Texas Policy Evaluation Project (TxPEP)
In 2011, the Texas Legislature enacted HB15, cutting family planning funding by two-thirds and requiring women to come in-person at least 24 hours before an abortion for an ultrasound and description of the image. Together with colleagues at the University of Texas at Austin and the University of Alabama at Birmingham, we evaluated the impact of these legislative changes on Texas women and family planning and abortion providers.
In July 2013, the Texas Legislature passed House Bill 2 (HB2), one of the most restrictive abortion laws of any state. HB2 has four main components. First, it requires abortion providers to have admitting privileges within 30 miles of the clinic where the abortion is performed. Second, the law bans terminations at or after 20 weeks post-fertilization, except in severe cases. Third, abortion providers are required to use an outdated protocol for medication abortion. Fourth, all abortion facilities are required to meet the standards of ambulatory surgical centers.
HB15 had a demonstrable impact on family planning in the state. We found that 59 clinics closed and 37 reduced their hours after the law took effect. We also observed a large unmet need for the IUD, implant, and sterilization due to high costs and lack of insurance coverage, as well as poor provider counseling. Results were used to oppose a new abortion restrictions bill and by advocates and policymakers who successfully pushed to restore family planning funding in the 2013 legislative session. We continue to examine the effects of HB15 through a prospective cohort study of postpartum contraception in El Paso and Austin.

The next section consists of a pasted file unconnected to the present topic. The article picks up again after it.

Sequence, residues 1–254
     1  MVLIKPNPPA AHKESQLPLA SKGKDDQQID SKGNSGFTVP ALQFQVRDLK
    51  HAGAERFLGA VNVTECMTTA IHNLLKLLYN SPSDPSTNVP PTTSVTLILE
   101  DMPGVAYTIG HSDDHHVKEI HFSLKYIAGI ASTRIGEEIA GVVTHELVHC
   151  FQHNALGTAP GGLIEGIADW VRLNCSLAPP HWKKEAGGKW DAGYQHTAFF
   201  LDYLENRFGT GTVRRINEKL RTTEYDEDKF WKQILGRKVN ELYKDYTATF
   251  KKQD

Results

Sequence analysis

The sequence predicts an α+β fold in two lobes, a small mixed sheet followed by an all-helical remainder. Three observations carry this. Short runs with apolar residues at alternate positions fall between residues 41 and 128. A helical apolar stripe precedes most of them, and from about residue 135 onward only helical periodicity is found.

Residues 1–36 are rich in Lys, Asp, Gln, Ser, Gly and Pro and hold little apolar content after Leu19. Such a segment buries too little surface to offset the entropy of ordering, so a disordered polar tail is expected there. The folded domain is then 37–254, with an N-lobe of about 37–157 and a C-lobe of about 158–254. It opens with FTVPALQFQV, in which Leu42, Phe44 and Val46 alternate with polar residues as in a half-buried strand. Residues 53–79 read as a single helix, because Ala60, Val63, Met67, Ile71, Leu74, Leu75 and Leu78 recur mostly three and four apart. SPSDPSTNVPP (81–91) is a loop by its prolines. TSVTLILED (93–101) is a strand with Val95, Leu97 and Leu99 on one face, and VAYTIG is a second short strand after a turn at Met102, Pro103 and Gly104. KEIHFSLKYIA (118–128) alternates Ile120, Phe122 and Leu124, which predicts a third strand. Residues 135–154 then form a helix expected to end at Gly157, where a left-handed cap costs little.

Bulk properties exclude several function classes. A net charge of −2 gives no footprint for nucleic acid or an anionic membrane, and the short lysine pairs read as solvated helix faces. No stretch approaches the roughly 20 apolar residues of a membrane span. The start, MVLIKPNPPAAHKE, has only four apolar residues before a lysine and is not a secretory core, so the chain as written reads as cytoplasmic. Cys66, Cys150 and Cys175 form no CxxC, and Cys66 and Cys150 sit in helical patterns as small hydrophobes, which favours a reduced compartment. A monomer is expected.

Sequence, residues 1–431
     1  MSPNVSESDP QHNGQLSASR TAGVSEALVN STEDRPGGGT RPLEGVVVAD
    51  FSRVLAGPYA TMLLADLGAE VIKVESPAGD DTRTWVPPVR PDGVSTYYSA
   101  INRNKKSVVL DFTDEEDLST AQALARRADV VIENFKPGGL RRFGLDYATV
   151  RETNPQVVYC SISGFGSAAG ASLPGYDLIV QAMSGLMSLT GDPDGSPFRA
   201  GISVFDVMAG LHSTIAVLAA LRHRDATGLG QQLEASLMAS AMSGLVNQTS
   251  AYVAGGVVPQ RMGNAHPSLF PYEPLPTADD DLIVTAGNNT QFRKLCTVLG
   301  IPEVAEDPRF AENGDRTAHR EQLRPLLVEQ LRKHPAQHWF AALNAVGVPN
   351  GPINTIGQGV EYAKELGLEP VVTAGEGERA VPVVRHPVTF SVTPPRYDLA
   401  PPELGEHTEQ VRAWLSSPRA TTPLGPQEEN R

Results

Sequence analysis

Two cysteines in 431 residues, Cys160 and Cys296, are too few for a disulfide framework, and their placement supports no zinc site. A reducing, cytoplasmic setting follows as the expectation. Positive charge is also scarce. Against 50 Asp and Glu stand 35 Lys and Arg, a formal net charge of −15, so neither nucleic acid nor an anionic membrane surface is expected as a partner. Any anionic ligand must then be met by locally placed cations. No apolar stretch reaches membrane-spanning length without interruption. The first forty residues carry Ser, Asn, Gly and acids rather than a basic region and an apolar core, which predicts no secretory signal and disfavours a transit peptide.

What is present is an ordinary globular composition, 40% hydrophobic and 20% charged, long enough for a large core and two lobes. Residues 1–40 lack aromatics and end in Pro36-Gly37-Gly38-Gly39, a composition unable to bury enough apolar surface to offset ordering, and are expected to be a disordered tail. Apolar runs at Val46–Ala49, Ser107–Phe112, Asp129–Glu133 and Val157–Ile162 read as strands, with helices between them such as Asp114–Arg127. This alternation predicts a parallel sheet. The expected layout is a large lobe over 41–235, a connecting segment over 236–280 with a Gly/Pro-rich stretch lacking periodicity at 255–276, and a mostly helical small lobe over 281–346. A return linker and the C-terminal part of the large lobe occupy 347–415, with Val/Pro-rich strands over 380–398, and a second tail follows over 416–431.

We also studied the influence of HB15’s abortion restrictions. Women reported a wide range of responses to the forced ultrasound viewing, including increased confidence in their decision, feelings of sadness, or no influence at all. A quarter of abortion clients found it difficult to get the clinic for the required extra visit, and low-income women and those traveling more than 20 miles to the clinic were significantly more likely to report difficulty. Results and analyses from this study have been mentioned in several media pieces.
To evaluate the effects of HB2, we measured whether the number and kinds of abortions provided in Texas changed after these provisions were implemented. In May 2013, there were 41 facilities providing abortion in Texas; this decreased to 22 in November 2013, when the admitting privileges law and restrictions on medication abortion went into effect. We found that compared to the same time period one year before, the abortion rate declined 13% in the period from November 1, 2013 - April 1, 2014. We also found that the number of medication abortions provided declined by 70%.
We conducted qualitative interviews with women who had their appointment cancelled or were turned away when clinics closed to understand their experiences with abortion care under the new restrictions; preliminary analyses will be presented at the 2014 American Public Health Association conference. We also fielded a survey among more than 400 women seeking abortion care in Texas to get detailed information about how they navigated the changes in access to abortion care; data analyses are ongoing.
Considering the impacts our research has already demonstrated, we expect the new restrictions to have profound and exponential effects on both the clinics that provide these services and on the women seeking care. We hope our results can also be a useful tool in other states where similar restrictions are in place or proposed.